When using incremental technology, a backup application does not copy the three files or the four blocks of File 1. It just copies the 1 changed block of File 1 and sends the information that this block must replace block 1.
On Tuesday, we add blocks 6 and 7 to File 2. Again, only those changes are copied to the backup repository.
On Wednesday, we delete File 3. No data is transferred, except information that File 3 has been deleted.
Incremental backups are especially efficient in large environments with many workloads and large amounts of data. If you run a full backup for every VM in your environment regularly, you would need an unreasonably high budget for storage media. For example, if you have 10 VMs with Windows Server 2016 (which requires 32 GB for a clean install), and you need to back them all up every day, you will end up using 320 GB of free space every day or more than 2 TB weekly. Simply speaking, you’ll need a few new HDD disks every week.
In this case, you need to make an initial full backup, that is 320 GB of space total. If we assume that daily changes on each machine average at 1 GB, the total is 10 GB of data daily or 70 GB per week. This comes down to much less than 2 TB for the same number of recovery points.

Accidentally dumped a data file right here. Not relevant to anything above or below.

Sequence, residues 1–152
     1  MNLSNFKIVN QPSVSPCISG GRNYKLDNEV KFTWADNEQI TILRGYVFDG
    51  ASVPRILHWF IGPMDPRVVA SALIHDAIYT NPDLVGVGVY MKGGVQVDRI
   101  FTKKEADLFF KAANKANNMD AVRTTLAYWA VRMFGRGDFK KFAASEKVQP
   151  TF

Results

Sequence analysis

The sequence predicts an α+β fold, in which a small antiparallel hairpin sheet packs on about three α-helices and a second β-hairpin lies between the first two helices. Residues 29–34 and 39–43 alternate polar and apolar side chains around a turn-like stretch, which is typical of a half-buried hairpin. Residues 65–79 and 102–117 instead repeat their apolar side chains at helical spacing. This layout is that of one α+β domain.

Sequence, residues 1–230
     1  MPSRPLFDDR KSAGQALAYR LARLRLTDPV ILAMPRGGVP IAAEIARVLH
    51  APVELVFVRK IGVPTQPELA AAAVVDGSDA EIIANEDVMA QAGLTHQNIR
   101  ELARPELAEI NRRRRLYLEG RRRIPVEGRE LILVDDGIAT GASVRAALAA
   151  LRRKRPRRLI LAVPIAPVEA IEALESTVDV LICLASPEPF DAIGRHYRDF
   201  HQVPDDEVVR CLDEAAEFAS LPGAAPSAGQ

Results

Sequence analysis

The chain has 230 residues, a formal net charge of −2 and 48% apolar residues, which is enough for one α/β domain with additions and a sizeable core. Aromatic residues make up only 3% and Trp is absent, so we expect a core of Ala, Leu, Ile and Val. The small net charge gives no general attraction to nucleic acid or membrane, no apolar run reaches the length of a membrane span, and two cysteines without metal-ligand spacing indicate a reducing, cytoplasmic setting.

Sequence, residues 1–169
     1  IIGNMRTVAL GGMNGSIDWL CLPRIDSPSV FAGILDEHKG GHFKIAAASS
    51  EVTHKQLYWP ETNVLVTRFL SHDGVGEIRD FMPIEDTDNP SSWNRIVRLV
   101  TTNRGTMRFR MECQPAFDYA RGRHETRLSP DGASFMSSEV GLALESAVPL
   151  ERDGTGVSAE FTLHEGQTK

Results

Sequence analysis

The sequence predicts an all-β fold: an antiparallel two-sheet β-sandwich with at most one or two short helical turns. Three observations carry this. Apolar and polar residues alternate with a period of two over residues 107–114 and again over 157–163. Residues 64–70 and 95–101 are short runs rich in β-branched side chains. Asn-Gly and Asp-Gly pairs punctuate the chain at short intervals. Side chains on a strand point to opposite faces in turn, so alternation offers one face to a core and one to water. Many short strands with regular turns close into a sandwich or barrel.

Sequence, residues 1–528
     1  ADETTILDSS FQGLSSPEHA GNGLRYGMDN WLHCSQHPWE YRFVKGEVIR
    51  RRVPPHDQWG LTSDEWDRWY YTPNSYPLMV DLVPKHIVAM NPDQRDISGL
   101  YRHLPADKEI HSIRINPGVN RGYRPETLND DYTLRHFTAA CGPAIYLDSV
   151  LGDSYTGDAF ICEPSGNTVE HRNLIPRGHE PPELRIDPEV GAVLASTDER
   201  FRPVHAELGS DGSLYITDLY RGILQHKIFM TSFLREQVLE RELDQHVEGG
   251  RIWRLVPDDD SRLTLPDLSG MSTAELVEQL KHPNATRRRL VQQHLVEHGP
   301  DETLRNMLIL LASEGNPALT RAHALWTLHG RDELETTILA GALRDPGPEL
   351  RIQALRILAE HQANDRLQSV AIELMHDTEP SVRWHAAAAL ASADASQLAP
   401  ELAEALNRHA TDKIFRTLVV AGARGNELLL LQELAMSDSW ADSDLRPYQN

Change Tracking Technologies
How exactly are the changes on VMs tracked? VMware vSphere, Microsoft Hyper-V and Nutanix AHV hypervisors have their own technologies. These are Changed Block Tracking (CBT) in VMware, Resilient Change Tracking (RCT) in Hyper-V and Changed Regions Tracking (CRT) in Nutanix AHV. These native technologies provide the quickest way to identify changes in source data and help shorten backup windows.
Many backup solutions also offer their own proprietary change tracking algorithms in cases where it is not possible to use CBT, RCT or CRT for some reason. Keep in mind that native tracking technologies log changes in real-time. In contrast, proprietary trackers usually read the entire contents of a VM to identify the changes, a process which can be more time-consuming.
Forever Incremental Backup
Forever incremental backup is a process in which all backups after the initial full backup are incremental only. Unlike traditional incremental, which suggests periodic full backups, using forever-incremental means that all backups are always incremental.